Strut Bar – Is It Really Necessary In Your Car?
Strut Bars are the evolutionary aftermarket addition to normal McPherson struts. Usually a favorite in car tuning and an integral part of heavy trucks and SUVs, rebar is now finding its place in the sun when it comes to normal small cars.
People consider additional struts, especially horizontal bars, as high-performance additions to their cars. There is a general belief that McPherson Struts or independent suspensions can be unstable at higher speeds. As an added feature to increase stability, the independent suspensions on both sides of the vehicle are linked by a common horizontal bar called the Strut Bar.
The two suspensions on each side when connected by a common bar experience reduced flex between them and that provides much-needed stability at higher speeds. This is an important feature on heavy and large vehicles and performance cars, but what makes people think that rebar can stabilize their small cars? Do smaller cars really need stability?
Well the answer is No. Unless you’re traveling at really high speeds, which you shouldn’t do with normal cars anyway, you definitely don’t need extra struts to support your car’s suspension. Automotive experts believe that horizontal struts have become popular as a high-performance addition to cars in the name of car customization. There is no real need for regular cars to have additional struts, but in case someone wants their vehicle to have one, there is no serious damage either.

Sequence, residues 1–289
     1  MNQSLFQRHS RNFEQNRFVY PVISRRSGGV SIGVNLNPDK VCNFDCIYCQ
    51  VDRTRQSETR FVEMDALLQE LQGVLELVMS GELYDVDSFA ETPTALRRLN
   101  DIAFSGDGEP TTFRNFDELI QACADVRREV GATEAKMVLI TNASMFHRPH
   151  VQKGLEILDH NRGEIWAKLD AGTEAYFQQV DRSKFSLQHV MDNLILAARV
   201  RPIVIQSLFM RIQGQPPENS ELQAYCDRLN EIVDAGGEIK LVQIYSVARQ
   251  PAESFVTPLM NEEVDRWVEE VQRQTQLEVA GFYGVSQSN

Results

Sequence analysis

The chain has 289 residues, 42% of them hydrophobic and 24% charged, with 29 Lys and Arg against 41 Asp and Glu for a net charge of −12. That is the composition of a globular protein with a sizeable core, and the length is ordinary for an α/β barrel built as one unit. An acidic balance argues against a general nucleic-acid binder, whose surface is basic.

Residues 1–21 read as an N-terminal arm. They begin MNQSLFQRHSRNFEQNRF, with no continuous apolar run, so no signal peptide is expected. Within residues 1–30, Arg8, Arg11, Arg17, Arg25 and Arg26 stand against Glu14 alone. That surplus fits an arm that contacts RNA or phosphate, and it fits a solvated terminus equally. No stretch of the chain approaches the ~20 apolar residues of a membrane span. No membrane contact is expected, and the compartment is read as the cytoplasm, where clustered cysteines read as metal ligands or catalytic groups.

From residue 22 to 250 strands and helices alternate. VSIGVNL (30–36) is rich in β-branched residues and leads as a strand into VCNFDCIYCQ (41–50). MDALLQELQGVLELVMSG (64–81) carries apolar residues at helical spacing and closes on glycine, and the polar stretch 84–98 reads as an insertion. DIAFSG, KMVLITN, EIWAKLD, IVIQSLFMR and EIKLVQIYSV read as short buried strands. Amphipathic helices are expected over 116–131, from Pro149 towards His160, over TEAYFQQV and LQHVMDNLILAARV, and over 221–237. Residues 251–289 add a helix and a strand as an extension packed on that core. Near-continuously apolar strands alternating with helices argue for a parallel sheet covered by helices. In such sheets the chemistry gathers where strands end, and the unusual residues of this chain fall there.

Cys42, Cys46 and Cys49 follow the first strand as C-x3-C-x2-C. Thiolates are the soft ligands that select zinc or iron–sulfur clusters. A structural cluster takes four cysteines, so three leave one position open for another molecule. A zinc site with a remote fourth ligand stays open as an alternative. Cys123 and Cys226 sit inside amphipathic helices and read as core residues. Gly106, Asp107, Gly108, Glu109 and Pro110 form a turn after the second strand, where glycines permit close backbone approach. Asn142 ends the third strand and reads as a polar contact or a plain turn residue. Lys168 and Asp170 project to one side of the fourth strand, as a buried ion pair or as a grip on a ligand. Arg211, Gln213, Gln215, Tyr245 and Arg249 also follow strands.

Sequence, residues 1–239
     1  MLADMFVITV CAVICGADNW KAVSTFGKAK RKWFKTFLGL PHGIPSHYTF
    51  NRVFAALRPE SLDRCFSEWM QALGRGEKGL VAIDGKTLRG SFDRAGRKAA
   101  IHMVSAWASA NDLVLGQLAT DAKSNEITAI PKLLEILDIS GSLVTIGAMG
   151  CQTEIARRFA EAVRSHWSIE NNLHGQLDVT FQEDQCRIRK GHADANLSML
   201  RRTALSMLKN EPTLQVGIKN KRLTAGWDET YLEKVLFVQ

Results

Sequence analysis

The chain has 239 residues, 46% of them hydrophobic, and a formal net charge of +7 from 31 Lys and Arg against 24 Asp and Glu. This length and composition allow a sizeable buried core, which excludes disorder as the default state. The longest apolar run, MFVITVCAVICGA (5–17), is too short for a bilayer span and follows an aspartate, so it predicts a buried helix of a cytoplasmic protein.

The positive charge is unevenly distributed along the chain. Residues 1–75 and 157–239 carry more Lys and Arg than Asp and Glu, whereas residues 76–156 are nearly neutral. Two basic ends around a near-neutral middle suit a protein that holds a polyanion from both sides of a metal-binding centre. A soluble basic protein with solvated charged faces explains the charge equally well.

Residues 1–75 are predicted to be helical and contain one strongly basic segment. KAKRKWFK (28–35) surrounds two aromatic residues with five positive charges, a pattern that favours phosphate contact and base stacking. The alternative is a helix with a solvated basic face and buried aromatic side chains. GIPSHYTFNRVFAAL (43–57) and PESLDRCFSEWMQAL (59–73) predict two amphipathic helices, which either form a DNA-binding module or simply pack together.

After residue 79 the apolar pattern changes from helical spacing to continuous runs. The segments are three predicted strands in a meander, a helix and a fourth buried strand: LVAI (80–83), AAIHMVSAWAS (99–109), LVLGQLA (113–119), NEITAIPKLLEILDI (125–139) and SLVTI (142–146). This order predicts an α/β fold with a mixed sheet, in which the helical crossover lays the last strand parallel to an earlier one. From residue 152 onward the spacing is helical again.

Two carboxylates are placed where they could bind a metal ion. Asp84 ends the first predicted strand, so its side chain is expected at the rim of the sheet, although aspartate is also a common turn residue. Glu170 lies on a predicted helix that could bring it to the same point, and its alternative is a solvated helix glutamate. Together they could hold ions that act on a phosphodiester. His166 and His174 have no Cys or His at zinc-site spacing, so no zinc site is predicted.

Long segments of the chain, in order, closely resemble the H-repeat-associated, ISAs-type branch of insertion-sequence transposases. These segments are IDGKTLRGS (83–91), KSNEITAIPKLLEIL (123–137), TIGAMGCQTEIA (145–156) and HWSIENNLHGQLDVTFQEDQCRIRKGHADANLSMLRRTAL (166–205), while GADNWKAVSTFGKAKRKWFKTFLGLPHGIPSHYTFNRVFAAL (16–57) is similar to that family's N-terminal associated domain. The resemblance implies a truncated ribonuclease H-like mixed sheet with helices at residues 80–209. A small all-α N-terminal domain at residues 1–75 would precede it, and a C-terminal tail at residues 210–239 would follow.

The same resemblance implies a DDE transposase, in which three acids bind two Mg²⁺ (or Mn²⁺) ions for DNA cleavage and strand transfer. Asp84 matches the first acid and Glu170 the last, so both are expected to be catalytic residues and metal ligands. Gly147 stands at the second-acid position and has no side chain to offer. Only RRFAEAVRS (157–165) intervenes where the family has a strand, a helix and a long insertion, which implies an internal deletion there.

At best, the extra struts will make your car’s suspension stiffer, reducing ride comfort, especially on rougher terrain. Since the suspensions are linked together, there may be slight vibration on rough roads due to reduced independent movement. Also, the added weight of the strut can reduce gas mileage to some degree. In case you are hell-bent on installing additional struts on your vehicle, be sure to ask a skilled mechanic to do so or else there may be serious performance issues with your car’s suspension.
Most sports cars, light and heavy trucks, SUVs, 4x4s, and ATVs are available with rebar as a normal fit.
So what kinds of vehicles need a rebar if they don’t have it as standard equipment?
If you’re tuning your normal car to run at higher speeds and exhibiting higher accelerations or fueling it with turbochargers and NOS (nitrous oxide systems), then the rebar will be a useful addition to the package. If you own a larger vehicle and don’t have a strut bar as a standard accessory, you should invest in one. In that case, I would suggest using used rebar as they cost almost a third of the cost of new ones.
To conclude, you are the best person to assess whether your car needs a rebar or not. Although it is not a decision to weigh, you can certainly weigh the pros and cons based on the type of vehicle you own and the type of use you put it to.